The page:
I am also grateful to my fellow judges, Graham and Paul Fulcher, who offered their carefully considered and detailed reviews to run alongside the content I received from authors and publishers. As I had already posted my reviews of the longlisted books I felt that these alternative thoughts added to the feature.

My bookish adventures took me along a new path when I participated in my first ever podcast, adding a few thoughts on one of the longlisted books – We that are young by Preti Taneja – alongside interesting interviews with the author and with the publisher. You may find out more about the podcast, created by The YYY Books Podcast, by clicking here.

As well as my Republic Of Consciousness Prize posts, I published a few reviews of other books I managed to read this month:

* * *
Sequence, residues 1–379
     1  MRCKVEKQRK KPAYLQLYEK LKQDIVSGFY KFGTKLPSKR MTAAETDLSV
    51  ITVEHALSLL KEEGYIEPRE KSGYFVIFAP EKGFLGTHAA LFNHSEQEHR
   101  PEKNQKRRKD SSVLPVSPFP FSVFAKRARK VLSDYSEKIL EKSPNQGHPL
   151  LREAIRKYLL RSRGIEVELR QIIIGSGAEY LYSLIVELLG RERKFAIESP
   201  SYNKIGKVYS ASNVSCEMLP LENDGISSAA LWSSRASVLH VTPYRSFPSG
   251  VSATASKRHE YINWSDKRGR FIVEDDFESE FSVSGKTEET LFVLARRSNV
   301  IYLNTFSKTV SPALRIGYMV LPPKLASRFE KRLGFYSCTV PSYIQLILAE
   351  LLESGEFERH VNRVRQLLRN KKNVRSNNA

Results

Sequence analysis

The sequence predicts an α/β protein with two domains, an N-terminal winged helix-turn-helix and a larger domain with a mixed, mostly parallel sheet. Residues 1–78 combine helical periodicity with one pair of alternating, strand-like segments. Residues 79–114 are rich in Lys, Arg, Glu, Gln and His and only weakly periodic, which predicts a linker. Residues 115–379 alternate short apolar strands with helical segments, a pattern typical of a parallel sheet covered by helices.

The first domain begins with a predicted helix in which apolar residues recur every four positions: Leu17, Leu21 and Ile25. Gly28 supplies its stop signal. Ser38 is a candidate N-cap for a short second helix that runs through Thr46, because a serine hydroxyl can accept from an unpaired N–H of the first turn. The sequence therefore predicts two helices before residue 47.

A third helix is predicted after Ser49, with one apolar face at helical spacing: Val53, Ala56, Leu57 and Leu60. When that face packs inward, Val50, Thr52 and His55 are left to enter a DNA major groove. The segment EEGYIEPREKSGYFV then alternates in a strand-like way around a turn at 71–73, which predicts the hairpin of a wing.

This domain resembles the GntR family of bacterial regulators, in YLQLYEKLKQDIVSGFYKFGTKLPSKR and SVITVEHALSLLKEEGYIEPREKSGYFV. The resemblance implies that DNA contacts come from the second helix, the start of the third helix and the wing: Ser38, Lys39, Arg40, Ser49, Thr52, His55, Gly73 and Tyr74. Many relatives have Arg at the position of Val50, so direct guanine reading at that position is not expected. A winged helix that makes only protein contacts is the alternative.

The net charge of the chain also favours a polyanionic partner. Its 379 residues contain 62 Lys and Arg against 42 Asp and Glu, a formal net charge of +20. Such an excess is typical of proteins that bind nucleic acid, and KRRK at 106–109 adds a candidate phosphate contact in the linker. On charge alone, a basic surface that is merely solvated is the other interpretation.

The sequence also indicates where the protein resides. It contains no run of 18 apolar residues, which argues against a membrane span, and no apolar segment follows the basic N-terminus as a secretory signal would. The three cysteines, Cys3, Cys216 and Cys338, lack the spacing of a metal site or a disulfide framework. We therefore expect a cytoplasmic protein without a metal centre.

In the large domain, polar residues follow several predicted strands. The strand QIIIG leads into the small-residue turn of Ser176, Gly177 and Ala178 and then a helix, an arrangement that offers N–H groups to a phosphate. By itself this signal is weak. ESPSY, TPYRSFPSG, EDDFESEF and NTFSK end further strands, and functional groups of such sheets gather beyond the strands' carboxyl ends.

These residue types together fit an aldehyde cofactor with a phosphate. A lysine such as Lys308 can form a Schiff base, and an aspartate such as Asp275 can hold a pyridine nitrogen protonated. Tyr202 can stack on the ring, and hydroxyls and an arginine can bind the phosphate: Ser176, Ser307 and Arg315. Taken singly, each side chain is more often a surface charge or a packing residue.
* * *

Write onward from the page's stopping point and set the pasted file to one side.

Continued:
I attended two bookish events in January. The first was in Bristol, a stop on the New Voices of 2018 roadshow organised by Headline. The second was the Judges Dinner for the Republic of Consciousness Prize. Held in London this gave me the opportunity to meet my fellow judges offline, and to discuss the longlist with a view to whittling it down to the five or six titles that will go forward from here. I will be writing more about this event next month after the shortlist is announced in Manchester on 19th February.

I was privileged to receive a number of new titles from publishers which have been added to my TBR pile. For those interested, I post pictures of my book post on my Instagram feed. Thank you to all the publishers who send me books to review. Like most book bloggers my TBR pile is vast and enticing. If I have received your book I assure you I am doing my best to find time to read it.

Thank you also to the many readers, bloggers and publishers who share my words on their social media feeds. I very much appreciate your support. February will see a return to more personal book reviews. I hope you enjoy reading my thoughts.